The fast growth in online lending has been partially due to an absence of government regulation - but that is changing. The regulators are now stepping in with a focus on illegal activities, which should help the nascent industry continue its growth in a more sustainable way.

The story is the same in commercial financing. Innovative companies are serving unbanked, or underbanked, privately owned small and medium-sized enterprises. They are helping not just with direct lending, but also in making them more attractive to lenders. LaKala, for example, is a third-party payment company that helps firms improve their transaction efficiency with data analysis, risk management and payment, and with gaining access to affordable financing.

Because of the immense demand for these services, China has become a hotspot for venture capital. According to a PwC report in 2016, half of all global fintech investments were in China.

But even with their rapid growth, these innovative players still serve only a complementary role in China. The traditional commercial banks - with total assets between them of RMB200 trillion - have a far greater potential for improving financial inclusion, and the government has been actively encouraging them to move in this direction.

In January 2016, for example, the Chinese State Council (the central government’s chief administrative authority) released a directive entitled “The Plan of Promotions for Financial Inclusion (2016-2020).”

At the National People's Congress and the People's Political Consultative Conference in early 2017, meanwhile, the State Council’s Premier, Li Keqiang, emphasised the role of large and medium-sized commercial banks in promoting financial inclusion. To make financing truly accessible and affordable, he said, the government had to enact supportive policies for these banks. As a result, starting in April 2016, the Industrial and Commercial Bank of China (ICBC), the China Banking Corporation (CBC), and other banks have created divisions focused on financial inclusion.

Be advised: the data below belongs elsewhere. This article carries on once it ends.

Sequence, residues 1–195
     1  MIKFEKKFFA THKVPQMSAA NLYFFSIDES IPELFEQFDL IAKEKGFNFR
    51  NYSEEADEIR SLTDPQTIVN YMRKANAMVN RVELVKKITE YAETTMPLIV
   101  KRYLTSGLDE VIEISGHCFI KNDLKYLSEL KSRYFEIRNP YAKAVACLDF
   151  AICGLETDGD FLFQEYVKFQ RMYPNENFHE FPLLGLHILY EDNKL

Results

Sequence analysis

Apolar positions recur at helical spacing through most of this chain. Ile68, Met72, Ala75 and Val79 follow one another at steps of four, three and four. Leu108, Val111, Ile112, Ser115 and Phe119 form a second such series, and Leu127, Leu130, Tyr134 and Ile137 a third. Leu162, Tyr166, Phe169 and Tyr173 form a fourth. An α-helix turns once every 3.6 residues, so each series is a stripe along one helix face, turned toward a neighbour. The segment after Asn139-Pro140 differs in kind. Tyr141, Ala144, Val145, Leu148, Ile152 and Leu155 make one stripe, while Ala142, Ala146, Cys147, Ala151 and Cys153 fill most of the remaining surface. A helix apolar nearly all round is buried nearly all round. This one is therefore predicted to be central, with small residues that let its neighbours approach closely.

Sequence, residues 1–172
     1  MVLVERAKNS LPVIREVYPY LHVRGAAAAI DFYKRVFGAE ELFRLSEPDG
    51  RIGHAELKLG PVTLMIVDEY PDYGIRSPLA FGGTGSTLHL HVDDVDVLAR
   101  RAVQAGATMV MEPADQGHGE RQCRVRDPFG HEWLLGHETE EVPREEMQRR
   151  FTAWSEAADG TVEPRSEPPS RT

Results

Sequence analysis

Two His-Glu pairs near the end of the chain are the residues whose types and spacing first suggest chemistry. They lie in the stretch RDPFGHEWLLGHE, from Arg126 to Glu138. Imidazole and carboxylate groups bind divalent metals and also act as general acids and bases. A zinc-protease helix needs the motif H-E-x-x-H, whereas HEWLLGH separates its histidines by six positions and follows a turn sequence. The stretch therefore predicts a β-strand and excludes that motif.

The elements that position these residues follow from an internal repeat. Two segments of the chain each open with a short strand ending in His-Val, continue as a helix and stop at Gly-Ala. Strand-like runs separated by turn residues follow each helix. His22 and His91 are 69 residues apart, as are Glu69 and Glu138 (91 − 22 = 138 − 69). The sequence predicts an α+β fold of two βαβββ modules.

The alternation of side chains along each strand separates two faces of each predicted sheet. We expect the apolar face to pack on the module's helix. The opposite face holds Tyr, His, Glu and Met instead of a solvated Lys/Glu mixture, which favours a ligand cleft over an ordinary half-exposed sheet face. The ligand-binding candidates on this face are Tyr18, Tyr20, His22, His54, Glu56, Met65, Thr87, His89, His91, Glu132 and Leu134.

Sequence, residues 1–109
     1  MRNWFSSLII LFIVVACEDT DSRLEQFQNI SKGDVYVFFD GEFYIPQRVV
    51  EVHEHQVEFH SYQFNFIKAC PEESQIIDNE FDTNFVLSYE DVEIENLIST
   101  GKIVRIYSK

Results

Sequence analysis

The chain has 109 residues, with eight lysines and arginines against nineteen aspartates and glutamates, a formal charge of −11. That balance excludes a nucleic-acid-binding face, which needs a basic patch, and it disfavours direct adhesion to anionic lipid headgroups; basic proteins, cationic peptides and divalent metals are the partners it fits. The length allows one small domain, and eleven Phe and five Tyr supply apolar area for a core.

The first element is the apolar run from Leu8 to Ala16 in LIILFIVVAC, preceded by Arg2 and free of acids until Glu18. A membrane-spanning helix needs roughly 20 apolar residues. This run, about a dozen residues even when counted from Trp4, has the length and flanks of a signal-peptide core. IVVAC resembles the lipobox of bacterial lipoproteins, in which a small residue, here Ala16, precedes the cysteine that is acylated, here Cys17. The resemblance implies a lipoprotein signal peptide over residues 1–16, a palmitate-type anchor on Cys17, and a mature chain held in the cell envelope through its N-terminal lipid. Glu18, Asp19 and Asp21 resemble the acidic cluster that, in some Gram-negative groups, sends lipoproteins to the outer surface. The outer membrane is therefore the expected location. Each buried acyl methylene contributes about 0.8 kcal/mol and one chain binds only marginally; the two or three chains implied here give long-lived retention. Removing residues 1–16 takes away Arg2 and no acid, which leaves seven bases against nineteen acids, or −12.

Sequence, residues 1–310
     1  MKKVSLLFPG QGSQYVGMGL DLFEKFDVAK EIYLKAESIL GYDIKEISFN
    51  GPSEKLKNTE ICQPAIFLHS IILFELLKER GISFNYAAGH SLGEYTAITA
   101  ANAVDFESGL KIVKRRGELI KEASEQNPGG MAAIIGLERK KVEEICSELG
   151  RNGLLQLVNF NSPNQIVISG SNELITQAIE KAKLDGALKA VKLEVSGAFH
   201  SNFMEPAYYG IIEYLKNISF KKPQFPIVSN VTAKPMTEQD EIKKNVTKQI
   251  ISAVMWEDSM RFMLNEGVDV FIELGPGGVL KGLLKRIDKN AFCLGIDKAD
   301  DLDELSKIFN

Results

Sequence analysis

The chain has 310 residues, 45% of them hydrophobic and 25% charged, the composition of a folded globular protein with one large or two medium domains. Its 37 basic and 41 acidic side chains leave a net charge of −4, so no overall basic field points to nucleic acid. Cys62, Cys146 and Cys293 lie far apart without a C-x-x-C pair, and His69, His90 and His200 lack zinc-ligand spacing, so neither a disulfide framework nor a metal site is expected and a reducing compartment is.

The government’s support is likely to be quite helpful. The China Banking and Regulatory Commission’s effort to promote agriculture financing, among other cases, has been regarded as a success.

According to Jiao Jinpu, former chief officer of the Central Bank’s Financial Consumer Protection Bureau, the level of financial inclusion in China is already above the global average. With this success has come expanded ambition: the government now encourages not just greater financial access but wider concepts, such as setting up channels to promote and enable initial public offering applications from poorer areas.

Besides this regulatory encouragement, commercial banks are promoting access and affordability for competitive reasons. If they don’t transform their business practices to promote inclusion, they may lose out in the marketplace. As a result, they are increasingly cooperating with fintech companies to better reach underserved groups and areas.

In 2016, CBC announced a landmark agreement with Ant Financial. The two companies are now cooperating in the areas of online-to-online financial services, electronic payments and credit scoring.

The result of all these efforts will be a richer and broader financial industry in China. The growing diversity of companies and business models means in turn a wider range of products and services are being offered to a larger user base. Both internet giants such as Ant Financial and Tencent, and the leading commercial banks, will play crucial roles in this ongoing expansion.